Finish it off by whip stitching the opening shut. This is a fabulous method for making fabric shapes when you don't need to worry about how the back looks. If I were totally honest, I would tell you I have skipped the hand sewing and used glue more times than not. My favorite fabric glue EVER is Fabritac. It comes in a clear bottle with blue print on it, and usually a red lid, at Joanns, Walmart, Michael's....everywhere really. It has gotten a bit more expensive, but is totally worth it!!! I actually usually have a bottle with me when we travel! I used it several years ago to glue a wooden heart on the butt of Madison's Care Bear costume. After several wears and washes (she used the costume as pajamas for a while) it is still on there! I convinced my aunt to use it on my cousins wedding dress-No Complaints! I even, and don't report me to the authorities, used it to glue the top of my son's ears into an elfish point for his kindergarten Christmas party (he really believed, at that time, that if he ate his green vegetables his ears would grow pointy and Santa would pick him to be an elf)!!! It is a miracle glue! Absolutely fabulous for gluing on Boy and Girl Scout Patches!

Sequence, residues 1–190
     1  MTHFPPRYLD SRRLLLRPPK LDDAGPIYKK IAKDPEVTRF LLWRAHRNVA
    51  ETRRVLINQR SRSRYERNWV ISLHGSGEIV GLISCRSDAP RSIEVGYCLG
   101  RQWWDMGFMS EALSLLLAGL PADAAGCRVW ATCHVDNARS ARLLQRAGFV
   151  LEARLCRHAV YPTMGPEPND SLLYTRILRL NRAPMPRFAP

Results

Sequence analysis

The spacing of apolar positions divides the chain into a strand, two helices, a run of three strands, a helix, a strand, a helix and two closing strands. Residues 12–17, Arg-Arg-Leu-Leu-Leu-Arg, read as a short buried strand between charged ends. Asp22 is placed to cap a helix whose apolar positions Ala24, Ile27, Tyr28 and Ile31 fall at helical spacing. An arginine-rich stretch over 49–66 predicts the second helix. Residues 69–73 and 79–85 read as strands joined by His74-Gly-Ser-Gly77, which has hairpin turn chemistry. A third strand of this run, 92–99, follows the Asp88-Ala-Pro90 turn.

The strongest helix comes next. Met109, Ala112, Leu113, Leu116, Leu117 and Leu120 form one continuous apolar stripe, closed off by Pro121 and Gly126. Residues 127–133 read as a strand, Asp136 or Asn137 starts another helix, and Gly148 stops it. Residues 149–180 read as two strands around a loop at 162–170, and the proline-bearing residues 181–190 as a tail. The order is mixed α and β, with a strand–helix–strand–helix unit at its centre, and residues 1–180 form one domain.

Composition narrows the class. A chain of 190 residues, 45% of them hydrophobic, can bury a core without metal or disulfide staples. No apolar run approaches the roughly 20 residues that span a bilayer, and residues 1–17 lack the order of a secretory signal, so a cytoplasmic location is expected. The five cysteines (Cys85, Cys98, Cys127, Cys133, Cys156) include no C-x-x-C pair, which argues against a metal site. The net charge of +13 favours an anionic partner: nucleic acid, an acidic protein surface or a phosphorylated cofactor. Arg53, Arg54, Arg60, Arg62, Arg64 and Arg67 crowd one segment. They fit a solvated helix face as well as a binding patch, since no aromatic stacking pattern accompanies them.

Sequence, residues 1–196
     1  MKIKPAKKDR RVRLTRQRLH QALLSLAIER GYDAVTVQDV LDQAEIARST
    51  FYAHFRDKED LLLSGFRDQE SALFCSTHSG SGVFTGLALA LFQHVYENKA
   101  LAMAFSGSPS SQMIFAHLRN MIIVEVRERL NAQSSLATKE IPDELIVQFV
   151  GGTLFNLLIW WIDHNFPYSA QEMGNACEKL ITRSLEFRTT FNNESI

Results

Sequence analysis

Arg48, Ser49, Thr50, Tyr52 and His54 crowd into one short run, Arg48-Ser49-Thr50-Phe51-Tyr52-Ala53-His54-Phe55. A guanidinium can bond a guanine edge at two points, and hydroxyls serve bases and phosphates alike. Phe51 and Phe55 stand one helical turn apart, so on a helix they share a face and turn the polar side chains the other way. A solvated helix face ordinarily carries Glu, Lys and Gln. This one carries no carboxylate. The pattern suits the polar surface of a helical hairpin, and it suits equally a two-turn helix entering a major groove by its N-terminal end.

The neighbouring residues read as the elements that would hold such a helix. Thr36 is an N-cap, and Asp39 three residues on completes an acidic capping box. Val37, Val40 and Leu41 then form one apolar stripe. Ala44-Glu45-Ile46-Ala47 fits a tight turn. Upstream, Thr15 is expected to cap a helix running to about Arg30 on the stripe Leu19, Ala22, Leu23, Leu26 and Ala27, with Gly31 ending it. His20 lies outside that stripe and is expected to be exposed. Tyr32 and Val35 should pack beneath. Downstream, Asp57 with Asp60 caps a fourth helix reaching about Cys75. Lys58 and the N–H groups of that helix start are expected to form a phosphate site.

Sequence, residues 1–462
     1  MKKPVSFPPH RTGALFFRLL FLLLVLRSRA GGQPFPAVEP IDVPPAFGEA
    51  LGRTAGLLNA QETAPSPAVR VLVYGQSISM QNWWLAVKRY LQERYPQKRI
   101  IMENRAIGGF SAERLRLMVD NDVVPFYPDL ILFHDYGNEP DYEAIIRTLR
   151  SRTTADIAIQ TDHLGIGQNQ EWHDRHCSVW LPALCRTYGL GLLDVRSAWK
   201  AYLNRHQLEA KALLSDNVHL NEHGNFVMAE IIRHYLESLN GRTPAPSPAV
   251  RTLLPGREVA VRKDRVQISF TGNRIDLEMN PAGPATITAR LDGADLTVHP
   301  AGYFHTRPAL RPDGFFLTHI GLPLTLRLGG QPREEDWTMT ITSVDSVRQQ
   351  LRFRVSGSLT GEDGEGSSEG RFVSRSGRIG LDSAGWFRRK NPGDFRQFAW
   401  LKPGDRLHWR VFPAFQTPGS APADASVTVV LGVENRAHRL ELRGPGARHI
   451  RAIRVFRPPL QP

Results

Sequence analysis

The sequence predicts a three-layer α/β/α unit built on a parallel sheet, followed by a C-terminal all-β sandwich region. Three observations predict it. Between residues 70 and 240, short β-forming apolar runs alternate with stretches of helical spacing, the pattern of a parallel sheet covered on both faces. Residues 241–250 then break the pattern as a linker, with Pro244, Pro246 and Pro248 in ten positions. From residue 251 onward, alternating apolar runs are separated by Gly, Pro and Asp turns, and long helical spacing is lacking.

Enough of that, back to business...
I started by stitching a line down each side of the wrapper piece, then one line right down the middle. Next, in the picture below, I stitched a line right in between the outside and the middle lines. I just eyeballed it. I give you permission to draw them on with a pencil or a marking pen, chalk even, if you need a line to follow.
I put this picture in there to show you how I chain the stitches. I never, and I repeat, NEVER do just one of ANYTHING! I have found that I make much less mess if I slide the sewing pieces in one after another. You use less thread, have less to clip and less on the floor, and save just a little more time if you run the pieces one right after another. I do my quilts and clothing patterns this way too. In this picture you can see how the lines of stitching just continue to the next piece I am sewing. How do I do it? When you get to the last stitch in one piece, put the needle all the way down into the fabric, lift the pressure foot, and slide your next pattern piece right up against the first, ready to sew. Then, put the pressure foot back down, and sew. If the piece is one that requires backstitching, just backstitch before leaving it, and backstitch the new piece just after starting it like you usually would.